Sound Mixing

Sound Mixing


Each term the joint music selection committee of the Harmony Grits and Village Voices, Fearrington’s community choruses, must track down choral music for the succeeding term, a veritable 13th Labor of Hercules, for they must answer not to one tyrant, but to 75, whose tastes and desires clash.

The Village Voices learned this truth about themselves from an opinion poll conducted last spring by Helen Flowers, one of their most discerning and diligent members.  To the question, “Which songs did you really like?” 78 different songs were named.  Of these, none was so statistically popular as to be declared the outstanding song of the past decade, and 15 (!) even showed up on the list of most disliked songs.  Clearly one woman’s A was another’s F.

The Harmony Grits did not poll themselves to discover their own likes and dislikes, but from conversations over the years, it is clear that they too occasionally disagree on rating the songs they sing, both the TB (Tenor-Bass) songs that they sing by themselves and the SATB (Soprano-Alto-Tenor-Bass) songs they perform with the Village Voices. To one man, syncopation is a treat, to another it is a trial.  One prefers classical music, another barbershop.

How then to find a silver mean?

One way was revealed in the Village Voices survey. Although there was no agreement on individual songs, there was some on types of music.  Broadway, folk, classical, and classical pop seemed to be favored by the majority.   Why not, then, pick music for this spring from these categories and please more of the choristers more of the time, instead of only some, some of the time?

But the music committee is a microcosm of the two larger groups, and they too, in their initial “brainstorming” session, expressed numerous divergent opinions about what kinds of music and what individual pieces each preferred.  After going home to investigate offerings on the internet — Stanton’s Sheet Music Listening Library is a favorite site — when they reconvened, they were able to narrow the categories to three, not surprisingly, 3 of the 4 preferred in the Village Voices poll: classical, because it had been largely absent from our repertoire and much desired by some singers; Broadway, a universal favorite; and finally classical pop.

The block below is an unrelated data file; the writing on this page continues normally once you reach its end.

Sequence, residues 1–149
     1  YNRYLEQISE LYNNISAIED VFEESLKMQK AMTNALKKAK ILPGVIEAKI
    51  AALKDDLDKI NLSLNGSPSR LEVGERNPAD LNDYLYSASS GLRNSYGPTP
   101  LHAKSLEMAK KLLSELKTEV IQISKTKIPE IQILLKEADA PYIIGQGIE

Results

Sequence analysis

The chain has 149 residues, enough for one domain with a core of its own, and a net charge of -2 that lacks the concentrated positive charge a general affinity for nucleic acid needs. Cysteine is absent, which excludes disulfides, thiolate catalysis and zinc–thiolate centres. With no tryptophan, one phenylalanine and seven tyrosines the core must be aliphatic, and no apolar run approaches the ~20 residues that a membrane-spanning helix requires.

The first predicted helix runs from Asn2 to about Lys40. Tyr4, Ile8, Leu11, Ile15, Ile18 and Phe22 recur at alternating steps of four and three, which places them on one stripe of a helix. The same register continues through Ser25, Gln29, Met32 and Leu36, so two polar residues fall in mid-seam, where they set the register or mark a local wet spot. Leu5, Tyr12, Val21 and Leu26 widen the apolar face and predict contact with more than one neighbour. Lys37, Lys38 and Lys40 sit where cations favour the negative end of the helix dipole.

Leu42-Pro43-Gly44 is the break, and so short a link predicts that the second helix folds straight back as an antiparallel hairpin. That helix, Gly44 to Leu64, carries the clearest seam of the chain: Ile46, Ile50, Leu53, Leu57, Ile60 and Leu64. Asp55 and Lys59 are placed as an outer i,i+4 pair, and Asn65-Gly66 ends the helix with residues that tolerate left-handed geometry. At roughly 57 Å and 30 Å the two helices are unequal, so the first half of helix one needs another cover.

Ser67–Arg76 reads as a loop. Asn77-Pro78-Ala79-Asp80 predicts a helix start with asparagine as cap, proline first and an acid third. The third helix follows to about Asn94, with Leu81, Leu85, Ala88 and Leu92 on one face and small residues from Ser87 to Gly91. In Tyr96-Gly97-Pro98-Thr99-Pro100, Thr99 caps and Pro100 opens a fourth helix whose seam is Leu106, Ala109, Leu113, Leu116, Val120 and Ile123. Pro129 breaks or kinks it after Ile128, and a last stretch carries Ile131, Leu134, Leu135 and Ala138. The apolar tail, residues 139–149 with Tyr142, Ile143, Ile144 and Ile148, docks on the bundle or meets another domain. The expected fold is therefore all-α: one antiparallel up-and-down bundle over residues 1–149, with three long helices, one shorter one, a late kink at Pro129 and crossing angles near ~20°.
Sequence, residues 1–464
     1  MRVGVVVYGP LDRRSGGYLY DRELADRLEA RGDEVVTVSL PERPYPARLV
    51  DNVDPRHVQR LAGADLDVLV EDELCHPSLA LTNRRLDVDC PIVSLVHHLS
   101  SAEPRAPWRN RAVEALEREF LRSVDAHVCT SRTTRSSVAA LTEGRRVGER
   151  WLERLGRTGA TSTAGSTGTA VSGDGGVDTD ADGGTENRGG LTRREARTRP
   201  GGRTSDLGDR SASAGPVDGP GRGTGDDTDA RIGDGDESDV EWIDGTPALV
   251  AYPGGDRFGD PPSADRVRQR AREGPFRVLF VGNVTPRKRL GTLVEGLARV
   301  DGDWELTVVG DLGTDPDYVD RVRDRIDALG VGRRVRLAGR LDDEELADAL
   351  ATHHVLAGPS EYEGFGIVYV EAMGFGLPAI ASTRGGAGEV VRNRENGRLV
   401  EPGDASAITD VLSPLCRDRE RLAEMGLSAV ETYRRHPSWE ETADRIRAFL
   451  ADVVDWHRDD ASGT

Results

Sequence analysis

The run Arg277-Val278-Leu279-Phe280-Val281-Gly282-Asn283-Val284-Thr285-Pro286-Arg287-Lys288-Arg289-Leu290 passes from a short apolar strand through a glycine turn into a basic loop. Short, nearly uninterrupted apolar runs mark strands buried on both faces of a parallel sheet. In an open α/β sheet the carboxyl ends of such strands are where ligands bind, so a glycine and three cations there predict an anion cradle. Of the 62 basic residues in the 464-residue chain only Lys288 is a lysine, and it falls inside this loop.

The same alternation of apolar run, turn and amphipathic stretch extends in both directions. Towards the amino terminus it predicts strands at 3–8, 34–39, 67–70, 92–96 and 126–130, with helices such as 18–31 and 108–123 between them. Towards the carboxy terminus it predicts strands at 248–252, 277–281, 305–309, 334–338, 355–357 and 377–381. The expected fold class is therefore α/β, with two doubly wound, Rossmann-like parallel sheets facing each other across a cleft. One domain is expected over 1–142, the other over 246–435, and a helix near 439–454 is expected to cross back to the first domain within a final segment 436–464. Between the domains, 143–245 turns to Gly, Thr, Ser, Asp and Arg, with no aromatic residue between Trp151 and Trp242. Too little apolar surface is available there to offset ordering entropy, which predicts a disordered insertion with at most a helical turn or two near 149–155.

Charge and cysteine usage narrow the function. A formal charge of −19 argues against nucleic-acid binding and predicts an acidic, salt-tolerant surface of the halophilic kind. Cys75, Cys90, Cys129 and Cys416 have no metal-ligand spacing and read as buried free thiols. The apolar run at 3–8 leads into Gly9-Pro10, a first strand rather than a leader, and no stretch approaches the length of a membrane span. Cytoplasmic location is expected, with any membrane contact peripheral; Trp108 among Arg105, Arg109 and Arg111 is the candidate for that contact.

To those longing to sing classical choral works, Bach seemed a good place to begin.  But he was not readily available in inexpensive formats.  A chorale from the Christmas Oratorio, for example, could only be had by buying the whole work.  Miscellanies of select choruses could be found, but not the desired individual pieces, and the cost of these seemed prohibitive.  Even if price were not a factor, the piece chosen would have to accommodate the talents of the majority.  It would be a good thing, the committee reasoned, if a few works nudged choristers out of their “comfort zones,” but not too far, and most of the Bach examined seemed too far.

Chagrined, one of the committee members suggested that, instead of that first famous B of the 3 B’s, the committee turn their gaze to a wider field.  If not Bach, then why not B for Baroque?  More internet investigations were undertaken, and soon three charming Baroque pieces — by Purcell, Alessandro Scarlatti, and Vivaldi — were picked to be sung in their original languages, English, Italian, and Latin.  “Gia il sole dal Gange,” a Scarlatti aria from an early opera, though relatively easy musically, is definitely drawing the ladies of the Village Voices out of their comfort zone.

With three Baroque pieces located, it seemed but a breeze to find Broadway favorites, among them:  “One Day More” from Les Mis, “Big Spender” from Sweet Charity, “Till There Was You” from The Music Man, and two songs from the Pajama Game, to be sung by the Fearringtones, a small SATB group of singers audition-picked from the main choruses.  All of the pieces chosen offer opportunities for dramatic vocalization and gesture.   Singers can enter the parts they are singing and for a few moments become fledgling revolutionaries or ardent lovers.

Was it then such a big step from the Great White Way to Abbey Road and a 3rd “B”?  To the young, the Beatles may seem like ancient history, but to the over 64 set, they are like yesterday.  It was a refreshingly easy choice.  Numerous medleys of their songs have been arranged for community choruses like Fearrington’s.  One was preferred by our Director, Matt Fry, and it will conclude this season’s spring concert in the Fearrington Barn (Wednesday, May 8), now happily entitled Broadway, Baroque, and the Beatles.